Payment History as a Factor in a Good Credit Score

Payment History as a Factor in a Good Credit Score

It’s all well and good to be constantly reminded of how to maintain an enviable financial situation, but remember that if you make your payments regularly and before the date set by your creditors, you always score points with the credit agencies.

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Pay Your Bills on Time, Have a Good Credit Rating!

There is a very close relationship between paying bills on time and getting good points from your financial institution and credit agencies. In fact, it’s best to pay your bills in full at the end of each month. However, if your situation does not allow it, sending the minimum payment required on credit card balances, for example, is enough to earn you points at Equifax and TransUnion.

Actually, it’s quite simple: the more you miss or make late payments, the lower your credit score. Another reason is due to a little thing called “your credit usage rate”. This basically refers to how much of your available credit you use. Therefore, if you have a credit card to the max, you have absolutely no credit available, which is a bad sign. However, if you don’t want to have 100% of your available credit, this shows that you are not using the credit you have. Instead, try to use about 30% (or less) of your available credit and pay it off in full each month. This will let lenders know that you can use credit responsibly without losing control.

However, be aware that your credit score takes into account much more than your credit card payments. In order to help you fully understand and obtain your credit score, it is important to know what a credit score is and a few other basics.

Quickly, a credit score is essentially a summary of all the different information contained in your credit report. Your credit report is essentially a continuous record of how you have managed your credit over time. Instead of providing you with a ton of different information and data, all this information is calculated and combined into one easy-to-understand number. Lenders use your credit score to make a quick and unbiased decision about whether or not to extend credit. Scores can range from 300 to 900, but the average score is about 700 for most Canadians. In fact, this is the score that will get you a line of credit and qualify you for a mortgage (as of July 1, 2020, a score of 680 will be required instead of 600).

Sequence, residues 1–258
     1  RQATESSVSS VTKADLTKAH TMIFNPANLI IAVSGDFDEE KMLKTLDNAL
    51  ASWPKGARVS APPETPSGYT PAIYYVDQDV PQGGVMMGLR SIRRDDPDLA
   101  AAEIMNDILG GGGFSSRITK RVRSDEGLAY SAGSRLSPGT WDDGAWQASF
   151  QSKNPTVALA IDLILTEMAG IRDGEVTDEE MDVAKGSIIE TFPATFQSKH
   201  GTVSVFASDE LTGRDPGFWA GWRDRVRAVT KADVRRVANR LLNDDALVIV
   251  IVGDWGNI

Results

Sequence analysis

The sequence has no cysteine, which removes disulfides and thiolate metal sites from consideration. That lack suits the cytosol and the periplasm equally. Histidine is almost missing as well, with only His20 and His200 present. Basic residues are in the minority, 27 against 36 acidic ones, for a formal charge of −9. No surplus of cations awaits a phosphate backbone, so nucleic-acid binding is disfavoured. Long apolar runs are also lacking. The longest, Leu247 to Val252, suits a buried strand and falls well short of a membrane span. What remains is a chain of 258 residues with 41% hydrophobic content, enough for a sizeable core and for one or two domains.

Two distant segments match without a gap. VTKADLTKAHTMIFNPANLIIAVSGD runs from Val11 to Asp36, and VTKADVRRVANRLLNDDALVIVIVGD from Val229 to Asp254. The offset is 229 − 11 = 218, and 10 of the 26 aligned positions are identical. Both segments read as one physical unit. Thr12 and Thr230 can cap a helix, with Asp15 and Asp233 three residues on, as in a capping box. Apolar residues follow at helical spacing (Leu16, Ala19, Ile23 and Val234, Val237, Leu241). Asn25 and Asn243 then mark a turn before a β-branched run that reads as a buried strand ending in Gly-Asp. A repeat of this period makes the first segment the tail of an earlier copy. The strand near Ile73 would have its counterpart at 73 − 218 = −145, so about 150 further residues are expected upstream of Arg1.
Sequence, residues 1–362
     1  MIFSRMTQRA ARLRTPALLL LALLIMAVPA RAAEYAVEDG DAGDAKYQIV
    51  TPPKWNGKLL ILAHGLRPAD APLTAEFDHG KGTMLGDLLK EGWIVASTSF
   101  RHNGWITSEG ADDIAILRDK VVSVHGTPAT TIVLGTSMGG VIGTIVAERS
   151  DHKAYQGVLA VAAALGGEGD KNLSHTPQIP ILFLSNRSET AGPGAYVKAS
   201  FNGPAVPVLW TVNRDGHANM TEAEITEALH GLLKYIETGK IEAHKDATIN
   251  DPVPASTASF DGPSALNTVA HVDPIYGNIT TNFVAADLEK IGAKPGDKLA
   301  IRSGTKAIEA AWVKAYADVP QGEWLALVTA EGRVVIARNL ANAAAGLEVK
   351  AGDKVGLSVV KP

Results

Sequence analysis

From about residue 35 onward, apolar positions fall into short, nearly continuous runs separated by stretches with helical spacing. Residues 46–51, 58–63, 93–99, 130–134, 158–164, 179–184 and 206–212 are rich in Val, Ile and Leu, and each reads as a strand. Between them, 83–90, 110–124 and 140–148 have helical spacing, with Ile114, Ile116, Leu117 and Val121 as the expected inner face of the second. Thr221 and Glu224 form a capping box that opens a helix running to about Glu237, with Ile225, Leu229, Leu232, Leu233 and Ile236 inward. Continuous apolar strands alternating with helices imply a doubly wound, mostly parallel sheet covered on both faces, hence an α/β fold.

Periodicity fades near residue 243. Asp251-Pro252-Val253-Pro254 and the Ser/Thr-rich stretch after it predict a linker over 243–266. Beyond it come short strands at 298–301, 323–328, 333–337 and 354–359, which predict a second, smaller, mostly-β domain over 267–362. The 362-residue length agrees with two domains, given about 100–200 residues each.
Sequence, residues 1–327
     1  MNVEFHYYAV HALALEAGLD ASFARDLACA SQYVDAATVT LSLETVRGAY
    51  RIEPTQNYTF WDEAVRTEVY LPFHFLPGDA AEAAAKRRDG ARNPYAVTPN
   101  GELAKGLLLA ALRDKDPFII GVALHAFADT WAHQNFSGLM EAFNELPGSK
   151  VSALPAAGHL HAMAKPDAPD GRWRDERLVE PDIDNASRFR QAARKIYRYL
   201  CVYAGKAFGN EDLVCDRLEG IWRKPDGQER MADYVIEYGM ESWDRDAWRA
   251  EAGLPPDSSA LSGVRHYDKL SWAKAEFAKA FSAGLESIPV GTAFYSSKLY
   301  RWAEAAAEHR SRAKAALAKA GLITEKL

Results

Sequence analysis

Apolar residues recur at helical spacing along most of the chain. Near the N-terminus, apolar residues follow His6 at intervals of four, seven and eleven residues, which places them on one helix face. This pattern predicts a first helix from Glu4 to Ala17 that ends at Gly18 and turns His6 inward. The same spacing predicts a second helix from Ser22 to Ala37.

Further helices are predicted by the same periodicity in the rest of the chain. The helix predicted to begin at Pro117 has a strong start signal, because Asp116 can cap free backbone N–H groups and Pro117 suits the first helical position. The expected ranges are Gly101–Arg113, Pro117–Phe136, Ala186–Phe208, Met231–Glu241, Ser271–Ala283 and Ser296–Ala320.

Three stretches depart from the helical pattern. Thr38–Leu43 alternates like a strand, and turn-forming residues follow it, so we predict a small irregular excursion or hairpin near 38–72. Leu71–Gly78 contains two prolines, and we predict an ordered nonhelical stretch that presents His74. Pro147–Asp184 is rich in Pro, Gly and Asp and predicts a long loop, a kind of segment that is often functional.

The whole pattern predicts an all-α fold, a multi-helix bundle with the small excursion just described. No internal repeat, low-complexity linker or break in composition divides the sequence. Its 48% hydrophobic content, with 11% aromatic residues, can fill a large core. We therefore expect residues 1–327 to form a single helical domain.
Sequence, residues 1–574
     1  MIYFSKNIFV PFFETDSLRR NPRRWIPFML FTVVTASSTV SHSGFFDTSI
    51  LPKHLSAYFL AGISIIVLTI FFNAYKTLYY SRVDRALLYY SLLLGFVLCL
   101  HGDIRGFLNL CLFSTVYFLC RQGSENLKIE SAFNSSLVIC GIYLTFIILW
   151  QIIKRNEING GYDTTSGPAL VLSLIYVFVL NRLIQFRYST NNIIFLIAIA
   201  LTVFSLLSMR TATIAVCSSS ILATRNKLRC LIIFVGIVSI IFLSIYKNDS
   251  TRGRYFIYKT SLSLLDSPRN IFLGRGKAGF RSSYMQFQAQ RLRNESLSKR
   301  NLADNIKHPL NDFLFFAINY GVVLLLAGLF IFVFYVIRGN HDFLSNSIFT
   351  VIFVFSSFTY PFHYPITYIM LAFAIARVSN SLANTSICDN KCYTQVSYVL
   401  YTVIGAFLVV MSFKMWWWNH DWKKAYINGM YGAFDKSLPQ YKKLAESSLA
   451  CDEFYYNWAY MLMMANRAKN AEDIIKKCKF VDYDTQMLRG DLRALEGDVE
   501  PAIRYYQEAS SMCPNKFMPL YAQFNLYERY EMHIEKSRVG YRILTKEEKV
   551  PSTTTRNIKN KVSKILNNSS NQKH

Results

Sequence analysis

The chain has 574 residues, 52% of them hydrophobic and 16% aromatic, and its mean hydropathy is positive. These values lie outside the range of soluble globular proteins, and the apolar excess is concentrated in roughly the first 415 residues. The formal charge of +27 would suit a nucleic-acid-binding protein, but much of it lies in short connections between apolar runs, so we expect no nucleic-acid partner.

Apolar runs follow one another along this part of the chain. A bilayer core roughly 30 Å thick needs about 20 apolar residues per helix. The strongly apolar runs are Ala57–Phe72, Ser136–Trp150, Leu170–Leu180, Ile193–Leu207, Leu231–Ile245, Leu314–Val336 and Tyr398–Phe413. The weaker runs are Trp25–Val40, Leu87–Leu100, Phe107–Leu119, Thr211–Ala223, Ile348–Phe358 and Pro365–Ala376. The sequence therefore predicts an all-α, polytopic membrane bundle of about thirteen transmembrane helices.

All in all, keep in mind that one of the most important factors in your credit score is your payment history, both for your credit cards and for other credit products. In other words, make sure you always make your payments by the due date; avoid missing or being late repeatedly. A few changes here and there probably won’t make a big difference, but if late payments or being late becomes a habit, your credit score will certainly suffer and will be recorded accordingly.

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